Home Oil & Gas Nigeria crude production fell to record low of 1.57mbd last month

Nigeria crude production fell to record low of 1.57mbd last month


Nigeria’s crude oil production fell to a record low of 1.57 million barrels per day last month, the Organisation of Petroleum Exporting Countries (OPEC) has said.
The producer group said in its monthly oil market report published on Wednesday that the country’s oil output stood at 1.66 million bpd in November, based on direct communication.
The group uses secondary sources to monitor its oil output, but also publishes a table of figures submitted by its member countries.
Nigerian crude production in December was in line with its quota of 1.77 million bpd, according to secondary sources.
“Nigeria is more sensitive about production than price. A lower oil output would affect the actualisation of budgeted revenue projections as oil revenue accounts for 31.35 per cent of the total revenue projected,” analysts at the Financial Derivatives Company Limited said in a recent note.
OPEC and its partners, including Russia, agreed to cut output by a further 500,000 bpd from January through March 2020, on top of their previous cut of 1.2 million bpd.
According to S&P Global Platts, starting this month, Nigeria’s quota drops to 1.75 million bpd under the OPEC+ coalition’s agreement to deepen its production cuts through March.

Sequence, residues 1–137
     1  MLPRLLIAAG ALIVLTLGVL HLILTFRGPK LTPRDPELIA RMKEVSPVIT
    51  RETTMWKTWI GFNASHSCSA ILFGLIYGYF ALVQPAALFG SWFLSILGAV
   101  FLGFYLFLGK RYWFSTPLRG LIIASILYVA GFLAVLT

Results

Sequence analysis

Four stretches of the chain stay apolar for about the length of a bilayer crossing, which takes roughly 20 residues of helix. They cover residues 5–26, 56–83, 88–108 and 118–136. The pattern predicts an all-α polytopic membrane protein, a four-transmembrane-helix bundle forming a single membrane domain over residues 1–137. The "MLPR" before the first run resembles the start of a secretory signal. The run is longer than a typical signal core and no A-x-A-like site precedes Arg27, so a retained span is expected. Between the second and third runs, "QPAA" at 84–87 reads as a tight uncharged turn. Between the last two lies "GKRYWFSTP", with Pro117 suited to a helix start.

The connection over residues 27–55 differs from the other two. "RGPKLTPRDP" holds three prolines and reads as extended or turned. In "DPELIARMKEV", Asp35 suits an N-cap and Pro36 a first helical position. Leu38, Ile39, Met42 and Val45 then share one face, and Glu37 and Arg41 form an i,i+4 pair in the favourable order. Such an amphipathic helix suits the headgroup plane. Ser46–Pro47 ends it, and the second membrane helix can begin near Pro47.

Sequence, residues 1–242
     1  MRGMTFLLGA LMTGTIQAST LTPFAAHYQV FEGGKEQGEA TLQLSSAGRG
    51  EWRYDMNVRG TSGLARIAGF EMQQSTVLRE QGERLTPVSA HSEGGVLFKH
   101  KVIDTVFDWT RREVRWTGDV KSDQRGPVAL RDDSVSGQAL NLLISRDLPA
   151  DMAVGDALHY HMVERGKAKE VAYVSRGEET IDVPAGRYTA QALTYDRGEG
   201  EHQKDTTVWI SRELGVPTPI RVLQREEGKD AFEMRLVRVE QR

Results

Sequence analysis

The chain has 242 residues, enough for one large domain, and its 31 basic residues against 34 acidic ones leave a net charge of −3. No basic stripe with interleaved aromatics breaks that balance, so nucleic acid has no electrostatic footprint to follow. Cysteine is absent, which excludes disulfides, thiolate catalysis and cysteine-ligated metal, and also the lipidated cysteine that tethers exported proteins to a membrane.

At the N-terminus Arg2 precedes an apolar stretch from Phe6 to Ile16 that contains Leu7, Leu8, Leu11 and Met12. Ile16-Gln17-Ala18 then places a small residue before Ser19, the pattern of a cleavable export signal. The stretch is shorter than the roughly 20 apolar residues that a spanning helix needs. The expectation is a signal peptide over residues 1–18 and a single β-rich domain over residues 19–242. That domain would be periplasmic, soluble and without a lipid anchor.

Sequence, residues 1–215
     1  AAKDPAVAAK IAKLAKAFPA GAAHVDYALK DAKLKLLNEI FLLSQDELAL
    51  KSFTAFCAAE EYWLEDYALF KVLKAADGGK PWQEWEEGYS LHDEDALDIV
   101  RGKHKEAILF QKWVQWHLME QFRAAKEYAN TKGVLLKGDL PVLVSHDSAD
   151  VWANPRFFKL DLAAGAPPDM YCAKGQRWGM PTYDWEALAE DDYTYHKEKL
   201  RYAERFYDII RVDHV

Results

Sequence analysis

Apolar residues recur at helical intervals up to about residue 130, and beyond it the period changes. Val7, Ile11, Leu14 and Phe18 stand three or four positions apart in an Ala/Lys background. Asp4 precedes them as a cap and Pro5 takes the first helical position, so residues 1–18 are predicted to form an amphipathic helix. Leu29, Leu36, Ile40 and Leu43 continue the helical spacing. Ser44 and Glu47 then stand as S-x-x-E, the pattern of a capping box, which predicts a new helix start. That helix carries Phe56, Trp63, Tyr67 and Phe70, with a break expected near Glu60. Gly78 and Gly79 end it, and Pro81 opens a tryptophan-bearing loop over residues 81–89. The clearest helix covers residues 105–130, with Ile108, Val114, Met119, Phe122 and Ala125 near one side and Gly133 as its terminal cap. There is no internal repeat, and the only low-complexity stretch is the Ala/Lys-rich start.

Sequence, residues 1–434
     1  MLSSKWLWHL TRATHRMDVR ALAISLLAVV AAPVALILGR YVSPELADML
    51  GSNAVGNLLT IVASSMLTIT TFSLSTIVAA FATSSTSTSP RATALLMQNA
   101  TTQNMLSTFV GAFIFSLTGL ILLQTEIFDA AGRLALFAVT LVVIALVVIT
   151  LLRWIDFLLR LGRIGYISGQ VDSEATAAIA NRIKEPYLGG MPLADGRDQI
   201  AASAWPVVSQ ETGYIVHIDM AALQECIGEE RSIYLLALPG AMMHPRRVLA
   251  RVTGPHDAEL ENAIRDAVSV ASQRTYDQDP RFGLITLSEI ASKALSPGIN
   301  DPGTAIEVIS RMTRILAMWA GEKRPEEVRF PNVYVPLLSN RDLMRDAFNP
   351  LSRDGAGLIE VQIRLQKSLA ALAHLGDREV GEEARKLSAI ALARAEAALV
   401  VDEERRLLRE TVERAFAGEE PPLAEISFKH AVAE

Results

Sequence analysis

Last week, the Group Managing Director, Nigerian National Petroleum Corporation (NNPC), said the country was shifting its upstream work towards natural gas liquids and natural gas, to better comply with its crude production quota under the OPEC+ agreement.
“You can produce condensate which is not part of the OPEC commitments. We are focusing our production to more gas-based reservoirs so that we can continue to grow our production while maintaining balance in the market,” he was quoted as saying on the sidelines of the Atlantic Council Global Energy Forum in Abu Dhabi.
OPEC said in the report that a rise in oil demand growth this year would be offset by a sharper increase in non-OPEC supply.
“Continued accommodative monetary policies, coupled with an improvement in financial markets, could provide further support to ongoing increases in non-OPEC supply,” the report said, adding that OPEC+ cuts remained essential in maintaining stability in the oil market.
The group said demand for its crude would average 29.50 million bpd in 2020, which is 60,000 bpd above what it produced in December.
However, demand for its crude from January to March this year, which is the duration of its current cuts, is predicted to average 29.19 million bpd.
Demand for OPEC crude averaged 30.60 million bpd in 2019.
SOURCE: tidenewsonline.com


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